It isn’t just the men’s categories that have athletes fighting within their own nations for Olympic places as the women are faced with equally tough situations.
We have seen a huge shift in the -48kg category, the French superstar Shirine BOUKLI making it clear she has what it takes to be the number one for her country following a European Championship win last month as well as a win in the Dusseldorf Grand Slam. This will cause great discomfort to Melanie CLEMENT who has been consistent during this Olympic cycle with plenty IJF tour successes to count and was the one to put a stop to Daria BILODID’s winning streak.
The -63kg looks straightforward for most, an Austrian rivalry between the #17 and #18 ended as Kathrin UNTERWURZACHER retired earlier this year, making room for the European silver medallist Magdalena KRSSAKOVA who certainly stepped up her game following lockdown. However it looks to be Great Britain who is waiting with bated breath to see how future results effect their situation. Currently, Amy LIVESEY sits top of the pile with Alice SCHLESINGER only a couple hundred points behind. Within an even smaller margin, Lucy RENSHALL is at #25 and not forgetting their youngest athlete who is sitting just outside of qualification, but with Masters in January and qualification running till June, Lubjana PIOVESANA could climb the -63kg ladder.
It’s a double whammy in the -70kg for France, the #1 and #2, World Champion Marie Eve GAHIE and European Champion Margaux PINOT will need to face one another, an unfortunate end to this Olympic cycle with both performing at their very best. Proof that the French team are being exceedingly successful and leaving them with prime choice for the Olympic medals.
Of course they aren’t the only nation in the -70kg category with a close call. The Netherlands have both #3 Sanne VAN DIJKE and #6 Kim POLLING competing for their place in Tokyo 2021. The former has been more present on the tatami during 2018 as her team mate suffered an injury, though when Polling returned, it was business as usual with a Grand Slam and Masters win. The quadruple European Champion is yet to add an Olympic medal to her collection, losing out in the first round in Rio to the eventual champion, TACHIMOTO Haruka (JPN). Polling made a personal decision not to attend the 2020 European Championships when Van Dijke picked up a silver medal.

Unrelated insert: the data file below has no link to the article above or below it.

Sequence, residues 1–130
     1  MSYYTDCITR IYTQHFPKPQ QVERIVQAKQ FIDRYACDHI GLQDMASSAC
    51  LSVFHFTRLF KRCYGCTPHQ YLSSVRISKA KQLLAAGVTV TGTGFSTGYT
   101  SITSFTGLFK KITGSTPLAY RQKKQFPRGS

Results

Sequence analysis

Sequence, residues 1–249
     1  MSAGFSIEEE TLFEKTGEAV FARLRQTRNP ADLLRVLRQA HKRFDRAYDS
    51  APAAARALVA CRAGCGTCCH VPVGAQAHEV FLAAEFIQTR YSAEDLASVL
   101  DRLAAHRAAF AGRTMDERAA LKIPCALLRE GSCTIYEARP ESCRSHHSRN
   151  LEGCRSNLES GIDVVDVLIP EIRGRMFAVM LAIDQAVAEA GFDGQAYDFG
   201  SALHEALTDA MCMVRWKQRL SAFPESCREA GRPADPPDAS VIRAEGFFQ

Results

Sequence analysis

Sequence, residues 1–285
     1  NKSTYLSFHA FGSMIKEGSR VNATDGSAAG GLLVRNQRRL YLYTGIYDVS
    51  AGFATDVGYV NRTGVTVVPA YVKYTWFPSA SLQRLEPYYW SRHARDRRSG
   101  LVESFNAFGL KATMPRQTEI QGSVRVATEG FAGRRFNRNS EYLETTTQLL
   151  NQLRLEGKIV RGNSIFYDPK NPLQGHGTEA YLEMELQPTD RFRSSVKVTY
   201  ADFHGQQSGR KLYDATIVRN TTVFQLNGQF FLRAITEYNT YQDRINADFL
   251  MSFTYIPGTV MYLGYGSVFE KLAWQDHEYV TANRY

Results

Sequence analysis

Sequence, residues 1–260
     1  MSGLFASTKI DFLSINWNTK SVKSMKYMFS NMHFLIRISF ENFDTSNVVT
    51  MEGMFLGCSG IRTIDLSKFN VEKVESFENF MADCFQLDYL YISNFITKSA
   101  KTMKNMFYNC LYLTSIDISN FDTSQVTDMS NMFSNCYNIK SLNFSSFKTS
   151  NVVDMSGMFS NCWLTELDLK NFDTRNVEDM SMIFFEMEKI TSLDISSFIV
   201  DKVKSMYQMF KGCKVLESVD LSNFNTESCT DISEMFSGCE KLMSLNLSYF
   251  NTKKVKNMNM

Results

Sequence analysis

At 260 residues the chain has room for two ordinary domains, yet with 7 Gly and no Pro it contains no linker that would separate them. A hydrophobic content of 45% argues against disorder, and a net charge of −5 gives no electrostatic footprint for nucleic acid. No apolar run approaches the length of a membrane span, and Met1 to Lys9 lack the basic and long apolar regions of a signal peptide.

France continue to have this luxury problem, both in the -78kg and +78kg category. There are an incredible three athletes in the top 10 in the -78kg category; #1 Madeleine MALONGA, #3 Fanny Estelle POSVITE and #10 Audrey TCHEUMEO. The odds may very well be in favour of Malonga given that she is the current World and European Champion and managed to retain her Paris Grand Slam title this year. She seems the clear leader but as always, a lot can change in six months and with the margins so close, she has close competition.
Germany and Russia will need to make a decision between their top -78kg athletes. Anna Maria WAGNER sits in the lead on ranking points, but it was Luise MALZAHN who took home a European silver medal in Prague, her fourth continental medal in addition to her 32 IJF tour medals and World bronze in 2015. The seniority hasn’t put her higher on the ranking however, it may play a big part in the selection process with her consistency to medal.
In the #16 and #17 places are Aleksandra BABINTSEVA and Antonina SHMELEVA. Babintseva took a triumphant World bronze medal in Baku, 2018 and has made a mark on the IJF tour, as has her younger team mate Schmeleva with a Hague Grand Prix gold in 2018, rounding off 2019 with a silver medal in Tashkent. Unfortunately for the younger of the athletes, she has been on a losing streak against Babintseva which may very well contribute to the decision.
Finally, the return of Romane DICKO in the +78g category will certainly send questions flying as to who will be going to the Olympic Games in this weight class for France. Anne M BAIRO is the longer serving athlete on the French team and without having seen them compete against one another on the international stage it is hard to determine. What we can say is that Dicko does not come for anything other than gold. Though a despairing injury took her away from competition, her return saw her snatch a Grand Prix gold in Tel Aviv, Grand Slam glory at home in Paris, and following lockdown, her second European title.
Author: Thea Cowen